When will the COVID-19 pandemic end?, McKinsey & Company
A world wearied by the First World War and sickened by the 1918 flu pandemic desperately sought to move past the struggles and tragedies and start to rebuild lives. People were in search of a “return to normalcy,” as Warren G. Harding put it. Today, nearly every country finds itself in a similar position.
More than eight months and 900,000 deaths into the COVID-19 pandemic,1 people around the world are longing for an end. In our view, there are two important definitions of “end,” each with a separate timeline:
- An epidemiological end point when herd immunity is achieved. One end point will occur when the proportion of society immune to COVID-19 is sufficient to prevent widespread, ongoing transmission. Many countries are hoping that a vaccine will do the bulk of the work needed to achieve herd immunity. When this end point is reached, the public-health-emergency interventions deployed in 2020 will no longer be needed. While regular revaccinations may be needed, perhaps similar to annual flu shots, the threat of widespread transmission will be gone.
- A transition to a form of normalcy. A second (and likely, earlier) end point will occur when almost all aspects of social and economic life can resume without fear of ongoing mortality (when a mortality rate is no longer higher than a country’s historical average) or long-term health consequences related to COVID-19. The process will be enabled by tools such as vaccination of the highest-risk populations; rapid, accurate testing; improved therapeutics; and continued strengthening of public-health responses. The next normal won’t look exactly like the old—it might be different in surprising ways, with unexpected contours, and getting there will be gradual—but the transition will enable many familiar scenes, such as air travel, bustling shops, humming factories, full restaurants, and gyms operating at capacity, to resume.
The two ends are related, of course, but not linearly. At the latest, the transition to normal will come when herd immunity is reached. But in regions with strong public-health responses, normalcy can likely come significantly before the epidemiological end of the pandemic.
The timeline to achieve the ends will vary by location. In this article, we’ll explain the criteria that will be key factors in determining when each is reached. In the United States and most other developed economies, the epidemiological end point is most likely to be achieved in the third or fourth quarter of 2021, with the potential to transition to normalcy sooner, possibly in the first or second quarter of 2021. Every day matters. Beyond the impatience that most feel to resume normal life, the longer it takes to remove the constraints on our economies, the greater will be the economic damage.
The epidemiological end point
Most countries have deferred the hope of achieving herd immunity until the arrival of a vaccine. When herd immunity is reached, ongoing public-health interventions for COVID-19 can stop without fear of resurgence. The timing of the end point will vary by country and will be affected by a number of factors:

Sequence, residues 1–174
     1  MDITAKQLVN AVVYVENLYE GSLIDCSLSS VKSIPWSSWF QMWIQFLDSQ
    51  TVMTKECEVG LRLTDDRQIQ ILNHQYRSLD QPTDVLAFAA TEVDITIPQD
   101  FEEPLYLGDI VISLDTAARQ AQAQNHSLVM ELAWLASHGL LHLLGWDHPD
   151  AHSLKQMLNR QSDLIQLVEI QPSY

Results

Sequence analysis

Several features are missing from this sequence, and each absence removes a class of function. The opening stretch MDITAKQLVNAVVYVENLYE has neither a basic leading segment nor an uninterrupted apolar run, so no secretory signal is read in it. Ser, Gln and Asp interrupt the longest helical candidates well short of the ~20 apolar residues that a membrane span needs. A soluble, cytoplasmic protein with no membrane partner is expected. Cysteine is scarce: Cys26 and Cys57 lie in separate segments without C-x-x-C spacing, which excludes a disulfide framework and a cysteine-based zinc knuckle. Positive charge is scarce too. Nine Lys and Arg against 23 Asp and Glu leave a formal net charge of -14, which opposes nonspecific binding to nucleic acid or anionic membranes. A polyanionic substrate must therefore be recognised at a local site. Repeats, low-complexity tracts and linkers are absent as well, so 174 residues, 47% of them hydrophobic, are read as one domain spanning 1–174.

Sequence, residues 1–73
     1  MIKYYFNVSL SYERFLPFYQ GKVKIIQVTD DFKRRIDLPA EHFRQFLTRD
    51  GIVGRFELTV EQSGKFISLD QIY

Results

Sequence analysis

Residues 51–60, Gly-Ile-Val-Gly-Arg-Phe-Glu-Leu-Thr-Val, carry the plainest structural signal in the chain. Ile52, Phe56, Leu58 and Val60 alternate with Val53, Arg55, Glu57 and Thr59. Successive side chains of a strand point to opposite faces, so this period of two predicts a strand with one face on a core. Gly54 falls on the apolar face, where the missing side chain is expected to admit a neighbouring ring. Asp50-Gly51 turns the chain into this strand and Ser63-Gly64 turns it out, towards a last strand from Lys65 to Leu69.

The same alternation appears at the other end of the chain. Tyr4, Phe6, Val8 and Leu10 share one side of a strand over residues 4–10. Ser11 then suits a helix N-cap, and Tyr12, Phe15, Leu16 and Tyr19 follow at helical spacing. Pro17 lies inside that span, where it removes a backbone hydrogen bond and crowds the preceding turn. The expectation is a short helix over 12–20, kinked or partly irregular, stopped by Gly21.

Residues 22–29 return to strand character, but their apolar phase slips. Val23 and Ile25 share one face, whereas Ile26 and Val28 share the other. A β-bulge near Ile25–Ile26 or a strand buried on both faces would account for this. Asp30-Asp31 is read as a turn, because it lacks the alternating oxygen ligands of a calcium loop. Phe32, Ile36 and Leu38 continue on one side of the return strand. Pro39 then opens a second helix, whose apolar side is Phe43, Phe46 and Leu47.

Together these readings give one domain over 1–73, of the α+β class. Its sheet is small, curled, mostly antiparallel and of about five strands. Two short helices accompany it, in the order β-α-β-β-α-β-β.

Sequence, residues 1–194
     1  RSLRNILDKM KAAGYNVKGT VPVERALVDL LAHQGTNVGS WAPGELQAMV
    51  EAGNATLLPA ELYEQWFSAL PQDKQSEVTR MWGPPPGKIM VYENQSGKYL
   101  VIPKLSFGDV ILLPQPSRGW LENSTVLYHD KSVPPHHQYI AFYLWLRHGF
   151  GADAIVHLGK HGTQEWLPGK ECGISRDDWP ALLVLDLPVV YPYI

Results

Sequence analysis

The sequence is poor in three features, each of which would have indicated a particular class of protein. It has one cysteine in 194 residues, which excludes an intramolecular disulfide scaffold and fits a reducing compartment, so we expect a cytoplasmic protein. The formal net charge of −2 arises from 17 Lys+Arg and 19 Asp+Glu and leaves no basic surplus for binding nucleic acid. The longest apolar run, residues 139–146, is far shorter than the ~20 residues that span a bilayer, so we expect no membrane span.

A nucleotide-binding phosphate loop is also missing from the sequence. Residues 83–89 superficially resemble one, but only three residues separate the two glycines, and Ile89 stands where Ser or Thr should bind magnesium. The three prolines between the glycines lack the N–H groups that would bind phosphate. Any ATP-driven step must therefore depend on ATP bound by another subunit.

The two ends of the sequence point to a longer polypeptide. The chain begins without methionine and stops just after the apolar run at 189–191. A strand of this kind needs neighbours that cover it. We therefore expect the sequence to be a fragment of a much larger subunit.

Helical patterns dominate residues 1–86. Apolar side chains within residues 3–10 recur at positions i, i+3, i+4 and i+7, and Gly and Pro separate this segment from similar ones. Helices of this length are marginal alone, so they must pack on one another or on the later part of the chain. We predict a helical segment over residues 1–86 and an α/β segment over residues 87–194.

- the arrival, efficacy, and adoption of COVID-19 vaccines—the biggest drivers in the timeline to herd immunity2
- the level of natural immunity in a population from exposure to COVID-19; in our estimate, between 90 million and 300 million people globally may have natural immunity3
- potential cross-immunity from exposure to other coronaviruses4
- potential partial immunity conferred by other immunizations, such as the bacille Calmette–Guérin (BCG) vaccine for tuberculosis5
- regional differences in the ways that people mix, which will produce different thresholds for herd immunity
Consider the first and most crucial variables: the arrival of vaccines, their efficacy, and their adoption. We see four plausible scenarios for vaccine efficacy and adoption, illustrated in Exhibit 1.Different combinations of those two factors will drive varying levels of conferred immunity, implying the extent of natural immunity that will be required to reach herd immunity under each scenario. Combinations of efficacy and adoption beyond those shown are possible.
The other variables will also have much to say about the timeline to reach herd immunity (see sidebar, “Key factors affecting the timeline to herd immunity”).
Based on our reading of the current state of the variables and their likely progress in the coming months, we estimate that the most likely time for the United States to achieve herd immunity is the third or fourth quarter of 2021. As we wrote in July 2020, one or more vaccines may receive US Food and Drug Administration Emergency Use Authorization before the end of 2020 (or early in 2021) and the granting of a Biologics License Application (also known as approval) during the first quarter of 2021.
Vaccine distribution to a sufficient portion of a population to induce herd immunity could take place in as few as six months. That will call for rapid availability of hundreds of millions of doses, functioning vaccine supply chains, and peoples’ willingness to be vaccinated during the first half of 2021. We believe that those are all reasonable expectations, based on public statements from vaccine manufacturers and the results of surveys on consumer sentiment about vaccines.7
Herd immunity could be reached as soon as the second quarter of 2021 if vaccines are highly effective and launched smoothly or if significant cross-immunity is discovered in a population (Exhibit 2). (For more on the potential for a faster resolution of the COVID-19 crisis in the United States, see “Searching for optimism in the US response to COVID-19,” forthcoming on McKinsey.com.) On the other hand, the epidemiological end of the pandemic might not be reached until 2022 or later if the early vaccine candidates have efficacy or safety issues—or if their distribution and adoption are slow. At worst, we see a long-tail possibility that the United States could be still battling COVID-19 into 2023 and beyond if a constellation of factors (such as low efficacy of vaccines and a short duration of natural immunity) align against us.